Why not ask their care home whether there are opportunities for residents to learn a language together, or visit a community centre to take a class. 

9. Brain Training Apps

If you or your loved one has a smartphone or a tablet, brain training games, apps and puzzles are just a tap away at all times. 

Brain training apps can improve memory, visual-spatial skills, problem-solving, concentration and logic, plus have the advantage of being playable at any time of day. 

Some of the more common apps are Lumosity, NeuroNation and BrainHQ, all of which can be found on the App Store for iPhones, or the Google Play Store for Android phones. Most apps are free, but make sure you check before downloading. 

It’s not just apps that can help boost brain activity – online games and video games have also been shown to be useful for elderly people. 

Video games in particular require speedy reaction times, forward planning and a good memory for which buttons do what, so why not teach an old dog new tricks and challenge your grandad to a game of Mario Kart!

10. Games for those with Dementia

If your loved one has dementia, there are plenty of games that can help slow the progress of the disease and improve memory. These include jigsaw puzzles, simple card games like Snap, Bingo, board games like Snakes and Ladders and dominoes. 

It may help to use games designed for children, as these provide the right level of stimulation without being frustrating. Encouraging those with dementia to keep their mind active and focus on a particular task or game for a certain period of time helps them to stay engaged and have fun. 

Elderly people playing bingo

Keep Your Mind & Body Active!

Keeping the mind active in older age is so important – and this list shows just how many ways there are to do it, from word and number puzzles to board games and apps. 

Don’t feel you have to stick to this list alone – identifying plants, reading books, party games, Bingo, arts and crafts and pub quizzes are all examples of fun and engaging ways to stimulate the brain and refresh memory skills.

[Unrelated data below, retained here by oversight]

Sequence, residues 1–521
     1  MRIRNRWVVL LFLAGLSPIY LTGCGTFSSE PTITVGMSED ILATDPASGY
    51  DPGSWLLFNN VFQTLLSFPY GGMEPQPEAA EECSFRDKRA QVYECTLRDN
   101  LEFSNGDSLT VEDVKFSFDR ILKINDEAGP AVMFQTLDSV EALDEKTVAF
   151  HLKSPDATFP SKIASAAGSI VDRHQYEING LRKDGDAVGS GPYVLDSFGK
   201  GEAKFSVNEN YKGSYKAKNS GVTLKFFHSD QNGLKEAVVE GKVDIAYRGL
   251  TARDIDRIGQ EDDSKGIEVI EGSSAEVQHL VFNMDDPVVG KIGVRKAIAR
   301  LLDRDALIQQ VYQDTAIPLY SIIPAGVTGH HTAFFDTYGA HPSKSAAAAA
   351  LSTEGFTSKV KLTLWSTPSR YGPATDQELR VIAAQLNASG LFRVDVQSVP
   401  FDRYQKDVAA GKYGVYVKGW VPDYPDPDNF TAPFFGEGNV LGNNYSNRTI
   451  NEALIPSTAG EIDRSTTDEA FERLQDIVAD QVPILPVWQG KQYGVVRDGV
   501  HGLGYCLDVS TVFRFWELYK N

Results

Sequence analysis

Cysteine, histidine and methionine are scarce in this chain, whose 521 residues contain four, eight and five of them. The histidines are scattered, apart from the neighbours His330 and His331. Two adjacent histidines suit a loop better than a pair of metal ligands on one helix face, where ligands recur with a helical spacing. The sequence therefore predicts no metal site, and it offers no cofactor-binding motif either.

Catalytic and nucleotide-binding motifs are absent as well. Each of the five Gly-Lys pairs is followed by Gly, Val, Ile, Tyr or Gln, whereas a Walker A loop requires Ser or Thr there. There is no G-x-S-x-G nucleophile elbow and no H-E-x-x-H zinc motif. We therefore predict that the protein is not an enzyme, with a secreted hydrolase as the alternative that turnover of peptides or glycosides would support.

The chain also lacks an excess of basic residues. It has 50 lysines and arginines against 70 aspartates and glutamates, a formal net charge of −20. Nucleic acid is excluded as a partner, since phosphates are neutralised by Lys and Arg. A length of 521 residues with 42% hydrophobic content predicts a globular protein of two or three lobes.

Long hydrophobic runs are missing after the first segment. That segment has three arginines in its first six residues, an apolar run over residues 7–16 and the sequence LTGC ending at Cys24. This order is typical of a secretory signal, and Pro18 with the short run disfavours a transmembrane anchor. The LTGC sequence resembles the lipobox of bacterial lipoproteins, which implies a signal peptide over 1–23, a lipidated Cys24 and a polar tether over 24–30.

It’s worth noting that regular physical exercise, high-quality sleep and a healthy diet also play a part in the function of the brain, too. 

To keep the brain in top condition, elderly people should be encouraged to use memory games as often as possible – in fact, you only need to spend five to 15 minutes a day playing them to see results. 

If you're reading this on behalf of a loved one then why not share this list of brain training activities and games with your elderly relatives and enjoy some fun bonding time!

Find a Dementia Care Home

We offer a number of dementia care homes throughout the UK, many of which specialise in memory care:

Mulberry Court Care Home in Luton

Oaklands Care Home in Scole, Norfolk

Clarendon House Care Home in Coventry

The Laurels Care Home in Draycott, Somerset

Searching for an elderly care home can be a stressful and time-consuming operation. Thankfully, Lottie removes much of the difficulty from this process by connecting elderly people to the UK’s very best care homes through years of human expertise and smart technology.

Check out our list of elderly care homes across the UK and everything care-related we have to offer here!